Book Review: Forgive Us

Confessions of a Compromised Faith

 Authors: Mae Elise Cannon, Lisa Sharon Harper, Troy Jackson, and Soong-Chan Rah

Why I picked up this book:

I received this book from my publisher, Zondervan, because I share a similar concern and passion for biblical justice like its authors.

Who Should Read Forgive Us:

This academic resource is for anyone who has a sincere desire to “Love the Lord your God with all your heart and with all your soul and with all your strength and with all your mind; and Love your neighbor as yourself (Luke 10:27).” It is for those who are interested in the Lord’s requirement “to act justly and to love mercy and to walk humbly with your God (Micah 6:8).”

Forgive Us book cover

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Introducing the African American Voices of Missio Alliance

Missio Alliance Writing Team Banner

At the end of last year, I announced that I would be joining the writing team of Missio Alliance. Missio Alliance is a network of people who are passionate about the Northern American church, evangelicalism, and engaging the cultural challenges of our day. One thing I love about Missio Alliance is their intentionality in building a diverse learning environment and leadership community. Last month, I introduced my friend, Carolyn Custis James, and Dr. MaryKate Morse as leading women voices of Missio Alliance. Today, I have the privilege of introducing leading African American male voices within Missio Alliance.

 

Efrem Smith

Efrem Smith

Meet Efrem Smith. Efrem is the President and CEO of World Impact, a Christian missions organization committed to facilitating urban church planting movements through evangelism, discipleship, and the empowerment of the unreached urban poor. You can read more about his passion for the African American church and multi-ethnic church planting here. He is the author of The Post-Black and Post-White Church and Jump into a Life of Further and Higher. I also recommend reading one of his recent blogs, “#BlackLivesMatter and Evangelicalism.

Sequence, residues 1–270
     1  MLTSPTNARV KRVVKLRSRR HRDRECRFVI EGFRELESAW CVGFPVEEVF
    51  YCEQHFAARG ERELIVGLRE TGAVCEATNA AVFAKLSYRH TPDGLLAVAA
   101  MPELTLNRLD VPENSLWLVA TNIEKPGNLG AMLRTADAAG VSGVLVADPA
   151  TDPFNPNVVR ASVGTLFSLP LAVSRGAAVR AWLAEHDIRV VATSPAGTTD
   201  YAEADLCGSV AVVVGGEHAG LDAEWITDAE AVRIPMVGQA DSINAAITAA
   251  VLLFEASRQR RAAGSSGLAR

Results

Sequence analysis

I am so honored that Efrem Smith has endorsed and written the forward for my upcoming book, “Mentor for Life: Finding Purpose through Intentional Discipleship.” I am also honored to be a part of the writing team and friends of Missio Alliance with him.

 

Dennis R. Edwards

Dr. Dennis R. Edwards

Next up is Dr. Dennis R. Edwards. I have not personally had the opportunity to meet Dr. Edwards, but he is the senior pastor of The Sanctuary Covenant Church in Minneapolis and I look forward to hearing and learning from him. You can read about his passion and concerns for the church here. His concerns about power, violence, and lack of interest in biblical engagement are of particular interests to me. His hope is that “Christians will continue to be enthusiastic about engaging Scripture and also to let Scripture inform us regarding issues of power and privilege.” I look forward to listening to some of his sermons and drawing from his as well.

 

The co-founder of Missio Alliance, JR Rozko, recently posted on his Facebook page, “I’ve learned that one of the most crucial dimensions to evaluating which leaders are worth following is taking a good hard look at the wells they draw from for their own intellectual formation and who they look to as heroes and exemplars.” I could not agree more, so I close with the question:

 

Who are two leaders that you learn from and why?

 

Blessings, Natasha

 

 

 

Diversity is not Nice

I am so excited to join the Missio Alliance writing team! I have written for them before but now, I will be contributing to their blog monthly. You can find out more about them at their new website. My first post is up today titled, “Diversity is not Nice.”
Diversity is Not Nice

Last weekend, I had the opportunity to speak at a women’s event at my church. The question I was asked to answer is, “Why does God call us to diversity?” Even looking at the question now causes me to sigh. This emotional response is because I believe that people in the church, at least my multi-ethic congregation, know the answer to that question. Some of us can even quote scripture and maybe tell a story or two about it, but there are still hurt feelings, unasked questions, topics we don’t address, a silent strolling of offensive posts by our so called “friends” on social media, and suddenly, we (the minority group) realize that “they” don’t know us well at all. Perhaps they have not even tried, that is what undergirds the sigh. It is the weariness of understanding that what God calls us to is quite clear, at least for those of us Jesus-loving, Bible-toting, Sunday morning worshipping, bridge building believers. But for some reason we don’t always have a passionate pursuit of diversity. We have simply gotten comfortable with our love of the idea of diversity.

Continue reading at Missio Alliance.